Today, FT has a LOT of caveats. Aside from the obvious one everyone’s talking about (the limitation to 1 CPU VMs), there’s some other ones that I think are much worse (especially if you have newer CPUs) because they don’t just affect one VM, but the whole host. Here’s a few examples:
- Power Management must be turned off in the BIOS on the ESX Host. This is a big bummer, considering ESX4 just started supporting low-power state CPU features like SpeedStep.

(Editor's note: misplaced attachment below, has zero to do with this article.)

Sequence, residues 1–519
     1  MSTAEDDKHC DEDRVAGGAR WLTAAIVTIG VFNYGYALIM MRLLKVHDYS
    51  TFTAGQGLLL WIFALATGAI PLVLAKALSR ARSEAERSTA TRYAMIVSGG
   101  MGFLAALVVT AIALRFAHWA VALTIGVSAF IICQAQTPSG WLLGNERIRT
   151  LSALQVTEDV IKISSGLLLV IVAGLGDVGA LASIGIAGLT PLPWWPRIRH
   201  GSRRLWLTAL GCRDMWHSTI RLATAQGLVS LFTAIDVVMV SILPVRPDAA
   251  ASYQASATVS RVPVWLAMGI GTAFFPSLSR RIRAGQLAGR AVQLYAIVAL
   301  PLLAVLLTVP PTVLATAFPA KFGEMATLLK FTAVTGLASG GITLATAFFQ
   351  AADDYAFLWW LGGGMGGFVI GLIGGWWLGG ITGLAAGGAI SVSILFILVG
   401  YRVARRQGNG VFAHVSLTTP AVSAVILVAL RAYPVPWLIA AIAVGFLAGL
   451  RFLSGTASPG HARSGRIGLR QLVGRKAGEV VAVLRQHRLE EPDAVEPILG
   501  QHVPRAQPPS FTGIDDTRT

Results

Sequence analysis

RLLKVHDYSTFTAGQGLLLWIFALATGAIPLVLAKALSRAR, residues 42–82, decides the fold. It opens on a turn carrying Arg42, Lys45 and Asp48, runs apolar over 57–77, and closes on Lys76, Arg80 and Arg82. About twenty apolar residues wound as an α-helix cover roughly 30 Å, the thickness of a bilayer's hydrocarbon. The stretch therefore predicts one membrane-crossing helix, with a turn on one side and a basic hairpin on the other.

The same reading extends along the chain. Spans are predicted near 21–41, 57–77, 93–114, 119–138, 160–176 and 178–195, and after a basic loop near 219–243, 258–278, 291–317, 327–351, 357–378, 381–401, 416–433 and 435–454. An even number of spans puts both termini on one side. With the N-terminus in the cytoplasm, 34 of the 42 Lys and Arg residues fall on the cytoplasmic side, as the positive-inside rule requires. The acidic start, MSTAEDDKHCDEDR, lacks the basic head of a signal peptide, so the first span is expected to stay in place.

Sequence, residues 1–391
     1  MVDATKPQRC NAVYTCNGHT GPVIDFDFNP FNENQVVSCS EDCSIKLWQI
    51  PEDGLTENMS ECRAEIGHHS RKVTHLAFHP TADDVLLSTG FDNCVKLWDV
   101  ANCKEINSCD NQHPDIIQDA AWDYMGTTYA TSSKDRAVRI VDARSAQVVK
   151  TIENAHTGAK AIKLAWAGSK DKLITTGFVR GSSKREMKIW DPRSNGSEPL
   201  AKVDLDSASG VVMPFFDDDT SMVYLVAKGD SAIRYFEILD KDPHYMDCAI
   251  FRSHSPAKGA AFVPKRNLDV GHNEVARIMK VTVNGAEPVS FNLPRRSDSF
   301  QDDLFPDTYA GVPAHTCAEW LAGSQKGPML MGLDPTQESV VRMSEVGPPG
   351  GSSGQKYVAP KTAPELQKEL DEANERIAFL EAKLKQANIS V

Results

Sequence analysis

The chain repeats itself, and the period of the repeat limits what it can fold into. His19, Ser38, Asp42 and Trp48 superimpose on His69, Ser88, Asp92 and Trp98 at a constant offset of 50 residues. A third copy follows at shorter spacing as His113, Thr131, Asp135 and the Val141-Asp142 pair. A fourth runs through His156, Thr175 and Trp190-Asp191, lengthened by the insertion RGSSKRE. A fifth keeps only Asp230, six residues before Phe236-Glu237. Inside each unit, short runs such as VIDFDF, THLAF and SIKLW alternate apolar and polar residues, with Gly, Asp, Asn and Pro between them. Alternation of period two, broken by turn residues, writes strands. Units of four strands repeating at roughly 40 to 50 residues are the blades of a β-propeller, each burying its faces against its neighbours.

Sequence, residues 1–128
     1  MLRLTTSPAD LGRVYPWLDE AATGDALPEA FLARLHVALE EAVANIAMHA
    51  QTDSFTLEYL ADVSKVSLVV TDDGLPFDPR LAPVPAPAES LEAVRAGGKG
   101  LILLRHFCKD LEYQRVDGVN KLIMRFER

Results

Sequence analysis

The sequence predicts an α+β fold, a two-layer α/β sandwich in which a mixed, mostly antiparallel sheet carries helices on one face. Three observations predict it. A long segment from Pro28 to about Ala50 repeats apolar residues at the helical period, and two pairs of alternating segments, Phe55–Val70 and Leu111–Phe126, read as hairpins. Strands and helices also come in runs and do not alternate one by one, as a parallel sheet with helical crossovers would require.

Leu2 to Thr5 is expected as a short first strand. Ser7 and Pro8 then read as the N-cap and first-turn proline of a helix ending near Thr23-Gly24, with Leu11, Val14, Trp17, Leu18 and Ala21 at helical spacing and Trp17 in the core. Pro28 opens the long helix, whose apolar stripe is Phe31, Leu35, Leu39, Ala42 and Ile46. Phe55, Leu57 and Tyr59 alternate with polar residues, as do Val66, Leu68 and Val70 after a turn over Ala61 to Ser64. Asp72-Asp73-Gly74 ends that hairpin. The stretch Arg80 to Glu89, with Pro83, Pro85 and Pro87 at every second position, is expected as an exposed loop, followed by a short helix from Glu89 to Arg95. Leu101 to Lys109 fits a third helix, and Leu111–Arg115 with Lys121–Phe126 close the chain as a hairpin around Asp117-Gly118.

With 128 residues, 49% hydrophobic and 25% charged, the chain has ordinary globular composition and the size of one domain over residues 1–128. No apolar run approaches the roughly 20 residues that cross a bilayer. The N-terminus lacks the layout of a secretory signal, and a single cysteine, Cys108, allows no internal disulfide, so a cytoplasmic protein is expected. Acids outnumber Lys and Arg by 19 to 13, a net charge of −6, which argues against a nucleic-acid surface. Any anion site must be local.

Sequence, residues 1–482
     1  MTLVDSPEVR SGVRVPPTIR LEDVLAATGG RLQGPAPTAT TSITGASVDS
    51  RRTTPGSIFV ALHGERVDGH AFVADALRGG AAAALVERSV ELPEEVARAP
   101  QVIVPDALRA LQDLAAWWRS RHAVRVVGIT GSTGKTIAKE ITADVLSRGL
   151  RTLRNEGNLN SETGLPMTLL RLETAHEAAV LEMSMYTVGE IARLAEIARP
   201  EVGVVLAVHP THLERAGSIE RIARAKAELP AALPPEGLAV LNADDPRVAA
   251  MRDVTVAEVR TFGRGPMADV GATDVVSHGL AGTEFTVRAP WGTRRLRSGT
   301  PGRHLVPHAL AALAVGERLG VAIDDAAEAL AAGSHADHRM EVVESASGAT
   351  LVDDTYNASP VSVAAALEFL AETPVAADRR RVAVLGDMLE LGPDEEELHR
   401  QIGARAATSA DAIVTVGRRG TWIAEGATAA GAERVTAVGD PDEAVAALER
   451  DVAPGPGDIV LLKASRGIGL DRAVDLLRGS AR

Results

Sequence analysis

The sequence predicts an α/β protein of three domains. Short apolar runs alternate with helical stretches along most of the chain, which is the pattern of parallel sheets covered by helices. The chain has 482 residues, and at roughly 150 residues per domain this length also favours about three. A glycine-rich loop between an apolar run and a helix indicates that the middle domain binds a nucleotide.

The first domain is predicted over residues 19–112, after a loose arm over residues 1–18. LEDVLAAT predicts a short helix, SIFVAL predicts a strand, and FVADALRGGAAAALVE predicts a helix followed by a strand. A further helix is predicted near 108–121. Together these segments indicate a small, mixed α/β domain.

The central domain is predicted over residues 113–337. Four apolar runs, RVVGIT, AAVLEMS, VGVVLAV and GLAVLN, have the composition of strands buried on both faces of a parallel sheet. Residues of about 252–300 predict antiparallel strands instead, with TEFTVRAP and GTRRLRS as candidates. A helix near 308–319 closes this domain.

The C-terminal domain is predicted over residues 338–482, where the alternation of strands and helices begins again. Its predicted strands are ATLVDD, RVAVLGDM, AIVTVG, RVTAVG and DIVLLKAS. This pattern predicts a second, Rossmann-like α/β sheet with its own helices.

- Hyper-Threading must be turned off on the host. If you’ve got a new Xeon 5500 processor, this is a bummer as well.
- Turning on FT disabled EPT/RVI for the ENTIRE host. This means one of the biggest performance enhancements (vMMU support) is gone for your whole host when you turn on FT for a single VM! UPDATE: This only disables FT for the single VM, not all VMs.
And as for VM-specific limitations (meaning these at least only affect the FT VM):
- No Virtual SMP
- No Snapshots (meaning no Storage VMotion, no VCB)
- No Hot-Add hardware
- No NPIV
- No DRS
- No Thin Provisioning
I think FT is a really cool piece of engineering, but today it’s pretty obvious that’s a version 1.0 (or worse, version 0.9) product. It works, but there are more gotchas than in any other VMware feature I’ve ever seen.